The two men pulled into White Strand around 11.20am and the only other vehicle there was an orange Toyota Corolla. The car had been stolen in Kilkenny previously and five men had been spotted in it at various locations in the area in the days before the disappearance. One witness said some of the men spoke in Northern accents.

Another witnesses said she was riding a pony on the beach when she saw Pickard and the other man arrive. She said she then spotted a man in a balaclava come out from near a holiday home. Others soon followed and ran towards Pickard. Five men beat him in the car park before bundling him into his van.

The van was later found burnt out three weeks later, close to where the dig took place this week.

In 2000 Gardaí sought to extradite McCrory to the South for questioning over the disappearance.

In correspondence with McCrory’s solicitor, Gardaí said: “From an early stage of this investigation Mr McCrory’s alleged involvement in the disappearance was established and the Garda were anxious from this point on to interview him.

“We are satisfied that Mr McCrory visited the South Kerry area prior to the disappearance of Mr Pickard and was involved in a plot to steal money from him.”

The correspondence was brought up in a case McCrory took to chal­lenge the extradition. However, he was eventually extradited and arrest­ed by Gardaí for false imprisonment, but was later released by without charge after questioning.

Gardaí also wanted to speak to him about a 1992 incident during which a man was allegedly assaulted by McCrory, who was armed with an imitation firearm.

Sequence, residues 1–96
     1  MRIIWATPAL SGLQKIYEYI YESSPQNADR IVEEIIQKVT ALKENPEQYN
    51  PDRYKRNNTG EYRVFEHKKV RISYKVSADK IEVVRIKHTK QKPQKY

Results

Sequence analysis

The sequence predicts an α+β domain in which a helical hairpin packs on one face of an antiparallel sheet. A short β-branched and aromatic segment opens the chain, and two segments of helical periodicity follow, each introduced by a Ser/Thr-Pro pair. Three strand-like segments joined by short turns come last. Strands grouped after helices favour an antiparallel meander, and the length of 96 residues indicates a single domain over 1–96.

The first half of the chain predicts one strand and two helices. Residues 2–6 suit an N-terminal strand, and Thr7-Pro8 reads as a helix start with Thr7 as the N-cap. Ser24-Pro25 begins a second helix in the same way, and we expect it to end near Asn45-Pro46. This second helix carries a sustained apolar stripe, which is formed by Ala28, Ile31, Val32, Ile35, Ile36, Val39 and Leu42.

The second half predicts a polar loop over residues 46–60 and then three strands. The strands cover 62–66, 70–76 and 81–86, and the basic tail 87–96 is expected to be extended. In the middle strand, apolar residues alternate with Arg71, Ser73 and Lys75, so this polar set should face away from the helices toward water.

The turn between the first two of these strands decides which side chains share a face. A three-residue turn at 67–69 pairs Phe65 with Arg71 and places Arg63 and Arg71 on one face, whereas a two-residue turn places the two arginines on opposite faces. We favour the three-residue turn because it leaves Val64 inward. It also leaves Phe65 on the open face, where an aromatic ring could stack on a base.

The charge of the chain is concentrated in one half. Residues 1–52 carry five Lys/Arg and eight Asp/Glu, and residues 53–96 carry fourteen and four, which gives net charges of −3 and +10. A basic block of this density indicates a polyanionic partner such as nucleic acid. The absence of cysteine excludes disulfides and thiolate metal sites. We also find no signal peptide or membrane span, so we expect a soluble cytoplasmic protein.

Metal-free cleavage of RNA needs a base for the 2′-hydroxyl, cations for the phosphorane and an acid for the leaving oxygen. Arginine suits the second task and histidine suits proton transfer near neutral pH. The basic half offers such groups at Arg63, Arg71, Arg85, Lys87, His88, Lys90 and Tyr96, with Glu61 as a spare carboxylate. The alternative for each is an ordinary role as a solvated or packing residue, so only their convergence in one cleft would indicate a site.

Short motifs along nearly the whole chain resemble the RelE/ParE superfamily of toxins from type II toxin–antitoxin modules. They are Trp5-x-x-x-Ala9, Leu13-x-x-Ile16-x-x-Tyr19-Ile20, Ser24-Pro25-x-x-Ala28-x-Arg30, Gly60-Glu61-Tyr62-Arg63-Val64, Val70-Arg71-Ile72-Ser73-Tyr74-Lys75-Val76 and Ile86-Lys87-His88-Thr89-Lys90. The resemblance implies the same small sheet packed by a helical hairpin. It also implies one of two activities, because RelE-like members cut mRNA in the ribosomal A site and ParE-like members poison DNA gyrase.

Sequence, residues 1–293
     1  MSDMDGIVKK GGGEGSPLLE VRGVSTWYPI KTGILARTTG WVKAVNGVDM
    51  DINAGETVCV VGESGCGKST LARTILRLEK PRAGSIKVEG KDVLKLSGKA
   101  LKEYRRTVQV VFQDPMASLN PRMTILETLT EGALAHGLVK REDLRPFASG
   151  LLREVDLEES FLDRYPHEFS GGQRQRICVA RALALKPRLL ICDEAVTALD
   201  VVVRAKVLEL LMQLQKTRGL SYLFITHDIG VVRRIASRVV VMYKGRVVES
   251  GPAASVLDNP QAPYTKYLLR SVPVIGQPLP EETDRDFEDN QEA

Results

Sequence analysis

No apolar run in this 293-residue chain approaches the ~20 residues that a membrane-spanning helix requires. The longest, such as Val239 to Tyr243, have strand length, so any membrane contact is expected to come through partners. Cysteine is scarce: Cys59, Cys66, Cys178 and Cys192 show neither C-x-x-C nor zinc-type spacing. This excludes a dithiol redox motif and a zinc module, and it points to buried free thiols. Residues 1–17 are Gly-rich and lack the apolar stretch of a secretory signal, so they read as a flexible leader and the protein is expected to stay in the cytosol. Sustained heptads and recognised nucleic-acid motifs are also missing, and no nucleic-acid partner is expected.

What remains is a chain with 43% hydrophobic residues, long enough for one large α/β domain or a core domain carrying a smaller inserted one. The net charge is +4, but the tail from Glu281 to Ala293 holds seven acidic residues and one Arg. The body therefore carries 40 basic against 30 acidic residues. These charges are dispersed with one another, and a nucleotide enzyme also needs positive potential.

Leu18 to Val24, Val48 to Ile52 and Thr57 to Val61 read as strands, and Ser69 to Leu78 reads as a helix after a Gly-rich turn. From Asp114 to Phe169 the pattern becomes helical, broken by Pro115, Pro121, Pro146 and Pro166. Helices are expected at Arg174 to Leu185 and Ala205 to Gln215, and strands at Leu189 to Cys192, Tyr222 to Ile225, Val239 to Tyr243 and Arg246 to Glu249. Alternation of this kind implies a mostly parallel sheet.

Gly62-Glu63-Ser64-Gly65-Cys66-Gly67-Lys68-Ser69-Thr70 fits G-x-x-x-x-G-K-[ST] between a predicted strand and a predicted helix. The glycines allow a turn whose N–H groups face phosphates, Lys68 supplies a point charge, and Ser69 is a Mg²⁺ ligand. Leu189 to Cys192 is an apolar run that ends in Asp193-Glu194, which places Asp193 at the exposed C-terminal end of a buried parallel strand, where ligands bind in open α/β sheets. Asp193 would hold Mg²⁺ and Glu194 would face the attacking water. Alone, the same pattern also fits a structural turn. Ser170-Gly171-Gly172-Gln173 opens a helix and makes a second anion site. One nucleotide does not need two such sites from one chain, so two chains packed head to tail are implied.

McCrory previously survived a murder bid when a gunman shot him and prominent dissident Bobby Tohill as part of an internal INLA feud in Belfast in 1987. One INLA faction released a statement after the attack accusing the pair of involvement in criminality. Both men survived the attack and both subsequently spent time in the Republic as a result.

Tohill moved to Dublin and joined up with the INLA brigade, but he fled the city after being blamed for a murder attempt on Martin ‘the Viper’ Foley.

A brother of McCrory was shot dead when UFF gunmen opened fire on him and a friend outside a Belfast bar in 1979.

In 2012 McCrory and two other men were charged with membership of the INLA, blackmail and threats to kill.

The charges came about after a three man gang claiming to be from the INLA turned up at a businessman’s holiday home in Omeath and said he would be shot if he didn’t pay £35,000.

However, the charges were dropped in 2013 after prosecutors were unable to bring a full file of evidence.

One of his co-accused was Damian Justin Morgan was sentenced to 25 years in prison in 1993 for conspiracy to kill Dr Lawrence Kennedy — the leader of the Conservative Party in Northern Ireland. He was released under the Good Friday Agreement.

Pickard’s wife Penny appealed to the people who killed her husband to hand themselves in this week.

“Ultimately, they are not going to get away with it – in this life or the next. Their best option is to come clean,” she said.